Vijay Mallya arrives to face an extradition request by India at Westminster Magistrates Court, in London, Britain, December 10, 2018. REUTERS/Peter Nicholls
December 10, 2018
By Michael Holden
LONDON (Reuters) – Indian tycoon Vijay Mallya should be extradited from Britain to India to face fraud charges resulting from the collapse of his defunct Kingfisher Airlines, a London court ruled on Monday.
India wants to bring criminal action against Mallya, 62, whose business interests have ranged from aviation to liquor, over $1.4 billion in loans Kingfisher took out from Indian banks which the authorities argue he had no intention of repaying.
Mallya, who co-owned the Formula One motor racing team Force India until it went into administration in July, has denied all wrongdoing and argued the case against him was politically motivated.
Judge Emma Arbuthnot, England’s chief magistrate, decided there was a prima facie case against Mallya, who moved to Britain in March 2016, and his human rights would not be infringed if he was extradited. Her ruling will now be passed to the interior minister who must also approve it.
An extradition of Mallya would be a huge win for Indian Prime Minister Narendra Modi months before an election, after opposition parties said the government had given a “free passage” to the business tycoon to flee, an accusation it denies.
Modi has faced pressure from political opponents to bring to justice several people who have fled India in recent years to escape prosecution in an array of cases, many of them loan defaults.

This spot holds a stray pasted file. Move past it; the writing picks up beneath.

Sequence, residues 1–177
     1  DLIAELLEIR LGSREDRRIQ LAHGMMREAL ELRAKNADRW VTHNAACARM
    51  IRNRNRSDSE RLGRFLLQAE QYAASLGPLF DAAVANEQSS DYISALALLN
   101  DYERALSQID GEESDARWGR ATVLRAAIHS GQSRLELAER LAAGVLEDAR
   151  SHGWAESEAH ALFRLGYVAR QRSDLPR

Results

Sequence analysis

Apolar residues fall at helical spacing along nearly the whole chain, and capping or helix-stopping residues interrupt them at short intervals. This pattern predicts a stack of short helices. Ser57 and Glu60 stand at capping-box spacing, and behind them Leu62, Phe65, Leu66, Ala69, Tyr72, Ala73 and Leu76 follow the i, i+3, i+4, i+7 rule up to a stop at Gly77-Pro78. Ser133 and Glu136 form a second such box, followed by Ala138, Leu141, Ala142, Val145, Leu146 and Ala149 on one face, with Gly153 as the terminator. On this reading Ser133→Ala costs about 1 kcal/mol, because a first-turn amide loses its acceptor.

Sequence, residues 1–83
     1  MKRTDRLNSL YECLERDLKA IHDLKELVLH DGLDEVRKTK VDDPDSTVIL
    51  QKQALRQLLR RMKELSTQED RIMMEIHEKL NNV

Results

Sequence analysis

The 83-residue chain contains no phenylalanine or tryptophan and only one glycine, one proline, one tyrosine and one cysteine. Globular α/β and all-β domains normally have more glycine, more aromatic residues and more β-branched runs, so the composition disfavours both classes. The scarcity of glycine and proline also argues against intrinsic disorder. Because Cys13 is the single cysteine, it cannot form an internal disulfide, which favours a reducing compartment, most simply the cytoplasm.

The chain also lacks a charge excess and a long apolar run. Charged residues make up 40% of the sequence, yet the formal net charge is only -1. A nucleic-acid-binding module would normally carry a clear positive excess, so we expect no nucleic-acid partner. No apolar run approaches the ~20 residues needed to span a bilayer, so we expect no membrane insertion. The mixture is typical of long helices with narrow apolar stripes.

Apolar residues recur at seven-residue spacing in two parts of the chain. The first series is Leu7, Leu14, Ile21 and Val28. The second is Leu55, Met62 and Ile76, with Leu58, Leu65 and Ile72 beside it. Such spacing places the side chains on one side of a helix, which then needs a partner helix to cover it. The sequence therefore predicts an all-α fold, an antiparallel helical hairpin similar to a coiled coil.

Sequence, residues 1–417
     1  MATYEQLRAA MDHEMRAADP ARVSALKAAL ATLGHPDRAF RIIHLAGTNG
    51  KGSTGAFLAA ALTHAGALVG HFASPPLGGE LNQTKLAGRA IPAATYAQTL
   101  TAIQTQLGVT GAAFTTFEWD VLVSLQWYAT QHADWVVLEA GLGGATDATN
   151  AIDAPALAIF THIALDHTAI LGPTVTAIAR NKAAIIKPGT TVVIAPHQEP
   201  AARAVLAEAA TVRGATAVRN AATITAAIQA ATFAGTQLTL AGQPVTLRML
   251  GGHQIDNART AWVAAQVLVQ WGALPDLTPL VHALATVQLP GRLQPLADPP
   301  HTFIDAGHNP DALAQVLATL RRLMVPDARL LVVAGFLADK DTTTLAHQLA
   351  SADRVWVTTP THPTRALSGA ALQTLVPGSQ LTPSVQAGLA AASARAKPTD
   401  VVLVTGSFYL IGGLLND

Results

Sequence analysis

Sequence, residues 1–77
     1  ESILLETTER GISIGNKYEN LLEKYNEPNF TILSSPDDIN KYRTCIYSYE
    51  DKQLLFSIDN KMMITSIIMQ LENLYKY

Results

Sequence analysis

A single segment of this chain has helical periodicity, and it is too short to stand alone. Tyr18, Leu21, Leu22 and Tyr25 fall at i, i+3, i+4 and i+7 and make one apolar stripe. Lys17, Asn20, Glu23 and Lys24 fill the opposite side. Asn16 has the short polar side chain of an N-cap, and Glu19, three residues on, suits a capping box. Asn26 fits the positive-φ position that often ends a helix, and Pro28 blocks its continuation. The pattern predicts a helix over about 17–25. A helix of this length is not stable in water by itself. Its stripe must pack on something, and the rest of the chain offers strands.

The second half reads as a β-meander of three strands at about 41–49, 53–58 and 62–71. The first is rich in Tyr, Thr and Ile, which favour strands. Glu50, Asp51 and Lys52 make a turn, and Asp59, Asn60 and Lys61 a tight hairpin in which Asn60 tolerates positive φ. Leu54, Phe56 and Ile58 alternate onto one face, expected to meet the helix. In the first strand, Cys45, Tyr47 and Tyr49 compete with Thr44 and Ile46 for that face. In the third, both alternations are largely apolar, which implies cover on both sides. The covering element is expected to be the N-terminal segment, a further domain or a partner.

Mallya, nicknamed “the King of Good Times” after the slogan on bottles of one of his premium beers and his hard partying lifestyle, was arrested by British police in April 2017. Monday’s ruling is unlikely to be the end of the long-running case.
Mallya can appeal Arbuthnot’s decision within 14 days to London’s High Court. The interior minister’s decision can also be appealed to the High Court and ultimately the Supreme Court.
The Indian government said Kingfisher took out a series of loans from Indian banks, in particular the state-owned IDBI, with the aim of palming off huge losses which Mallya knew the failing airline was going to sustain.
It argued Mallya, who moved to Britain in March 2016, had no intention of repaying money it borrowed from IDBI in 2009 and the loans had been taken out under false pretences, on the basis of misleading securities and with the money spent differently to how the bank had been told.
Westminster Magistrates’ Court was told Mallya had been “squirreling money away to keep it from the bank”
However, his defense team said the Indian government had failed to provide any substantial evidence to justify extraditing him.
(Editing by Andrew MacAskill/Guy Faulconbridge)